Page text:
West Chester, PA (PRWEB) December 26, 2012
On December 14, a law making the practice of "sexting" nude or illicit photos a misdemeanor or summary offense for teenagers went into effect. The law is the result of House Bill 815, passed by the Pennsylvania Legislature and signed by Gov. Tom Corbett in October. While it is commendable that teenagers experimenting will no longer face the possibility of life-ruining child pornography charges, criminalizing normal teenage behavior will lead to kids damaging their future, said West Chester sex crime and juvenile offender defense lawyer Michael J. Skinner.
"Not understanding the ramifications of actions is the hallmark of teenage behavior," Skinner said. "Kids need to know not to send nude images of themselves and others, but they need to learn that from parents and teachers, not from the district attorney."
The new law is aimed to curb the practice of sexting among teenagers. Many, if not most, teenagers possess cell phones with cameras equipped, and it allows them to quickly take photos and send them to friends. Under the influence of hormones and possessing underdeveloped judgment, many of these teenagers send nude pictures of themselves or others to friends. A 2012 study, published in the Archives of Pediatrics and Adolescent Medicine Journal , reported that 28 percent of teenagers reported sending a nude photo of themselves through email or text message.
The new law only applies to those between the ages of 13 and 17. Anyone alleged to transmit photos of a minor 12 or younger could face felony child pornography charges. Under the law, it is a summary offense, similar to the severity of a traffic violation, for a minor older than 12 to electronically transmit any picture of himself or herself, or to knowingly view or possess an image of another minor older than 12. So, if a 14-year-old texts a nude picture of himself to his girlfriend, it is a summary offense. If his girlfriend is caught with the picture on her phone, she may also be charged with a summary offense.
It is a third degree misdemeanor for a minor to transmit, distribute, publish or disseminate a picture of another minor younger than 12. If the girlfriend above forwards the picture of her boyfriend to friends, she could therefore be charged with a third degree misdemeanor.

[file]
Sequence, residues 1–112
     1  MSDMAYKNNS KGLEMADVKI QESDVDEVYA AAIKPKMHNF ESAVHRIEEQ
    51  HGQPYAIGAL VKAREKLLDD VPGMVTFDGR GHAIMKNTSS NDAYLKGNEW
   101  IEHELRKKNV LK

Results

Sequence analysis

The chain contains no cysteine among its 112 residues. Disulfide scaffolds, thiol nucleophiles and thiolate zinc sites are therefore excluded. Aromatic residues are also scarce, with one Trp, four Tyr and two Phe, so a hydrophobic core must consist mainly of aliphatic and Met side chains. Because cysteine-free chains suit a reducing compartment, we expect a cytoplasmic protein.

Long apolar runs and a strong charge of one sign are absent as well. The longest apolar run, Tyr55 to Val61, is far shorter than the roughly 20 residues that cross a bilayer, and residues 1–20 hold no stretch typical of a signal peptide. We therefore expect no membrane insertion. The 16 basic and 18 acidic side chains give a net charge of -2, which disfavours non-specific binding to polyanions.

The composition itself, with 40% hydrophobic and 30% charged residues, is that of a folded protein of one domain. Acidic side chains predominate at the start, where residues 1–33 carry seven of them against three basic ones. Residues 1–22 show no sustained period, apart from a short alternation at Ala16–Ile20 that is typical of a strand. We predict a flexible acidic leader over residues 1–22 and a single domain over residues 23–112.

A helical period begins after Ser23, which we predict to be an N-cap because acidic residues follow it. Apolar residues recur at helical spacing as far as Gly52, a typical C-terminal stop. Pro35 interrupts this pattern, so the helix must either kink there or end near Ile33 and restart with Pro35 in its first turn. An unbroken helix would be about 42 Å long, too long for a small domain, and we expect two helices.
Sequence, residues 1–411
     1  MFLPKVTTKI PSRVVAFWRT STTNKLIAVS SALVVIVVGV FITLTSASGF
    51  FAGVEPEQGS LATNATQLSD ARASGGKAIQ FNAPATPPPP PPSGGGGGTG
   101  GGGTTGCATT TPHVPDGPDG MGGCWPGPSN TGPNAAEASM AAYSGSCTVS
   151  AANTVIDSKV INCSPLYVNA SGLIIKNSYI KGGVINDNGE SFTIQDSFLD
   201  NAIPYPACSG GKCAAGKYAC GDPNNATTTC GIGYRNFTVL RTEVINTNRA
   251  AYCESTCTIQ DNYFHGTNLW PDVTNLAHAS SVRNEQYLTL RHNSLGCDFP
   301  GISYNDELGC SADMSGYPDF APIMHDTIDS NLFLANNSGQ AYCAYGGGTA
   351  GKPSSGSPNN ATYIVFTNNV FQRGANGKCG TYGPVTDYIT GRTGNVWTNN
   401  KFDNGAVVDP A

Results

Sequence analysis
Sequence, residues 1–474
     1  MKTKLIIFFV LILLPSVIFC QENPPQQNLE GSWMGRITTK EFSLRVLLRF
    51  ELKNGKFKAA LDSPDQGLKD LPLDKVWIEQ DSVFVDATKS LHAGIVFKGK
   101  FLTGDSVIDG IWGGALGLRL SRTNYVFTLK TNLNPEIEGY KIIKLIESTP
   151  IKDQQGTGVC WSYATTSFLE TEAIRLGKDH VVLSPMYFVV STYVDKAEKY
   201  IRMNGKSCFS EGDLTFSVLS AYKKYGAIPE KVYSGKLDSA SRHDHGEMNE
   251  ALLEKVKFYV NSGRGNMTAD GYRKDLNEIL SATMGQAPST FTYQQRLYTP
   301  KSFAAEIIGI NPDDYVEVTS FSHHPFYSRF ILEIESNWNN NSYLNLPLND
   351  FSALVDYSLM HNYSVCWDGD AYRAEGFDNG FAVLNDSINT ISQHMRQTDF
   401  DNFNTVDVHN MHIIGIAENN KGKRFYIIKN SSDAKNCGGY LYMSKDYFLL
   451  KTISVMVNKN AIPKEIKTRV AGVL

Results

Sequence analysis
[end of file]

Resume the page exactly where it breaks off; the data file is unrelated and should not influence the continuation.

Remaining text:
If, with the intent to coerce, intimidate, torment, harass or cause emotional distress, a minor either makes some kind of visual depiction of the minor in state of nudity without that minor's consent, or transmits, distributes, publishes or disseminates a photo of a minor in a state of nudity without that minor's consent, it is a second degree misdemeanor. If a girl takes a photo with her phone of another girl in the shower in an attempt to bully that girl, she could be charged with a second degree misdemeanor, regardless of whether she sent it to anyone. If a girl sends her boyfriend a nude picture of herself, they break up, and he forwards the picture to friends in an attempt to humiliate her, he could be charged with a second degree misdemeanor.
The new law is, in part, a reaction to incidents in which teenagers faced child pornography charges in Pennsylvania after sexting. The bill's author, Rep. Seth Grove, said he wrote the law to create a distinction between child pornography, which is the sexual exploitation of children by adults, and teenagers sexting, which is bad judgment by teenagers. However, while the child pornography charges were, at best, overzealous, the new law is also an overreaction that will have negative consequences, Skinner said.
"The behavior the law is addressing is certainly something kids need to learn not to do," he said. "This would be best accomplished by parents and teachers explaining the potential negative consequences of disseminating nude pictures. Putting these kids into the criminal justice system, even with summary offenses, is the harshest way to address this problem, but there's no evidence it's the most effective."
While sparing kids felony sex offense charges, which have not been successfully prosecuted when pressed for similar behavior in Pennsylvania, the criminal charges could still have the effect of damaging teenagers' chances at scholarships and colleges, and, therefore, harm lives, Skinner said.
"Education is the answer to this, and there simply is not evidence that criminalization works," he said.
Michael J. Skinner is a West Chester criminal defense lawyer with experience defending both juveniles charged with crime and those accused of sex offenses. He serves clients in Chester County, Montgomery County, Lancaster County and Delware County.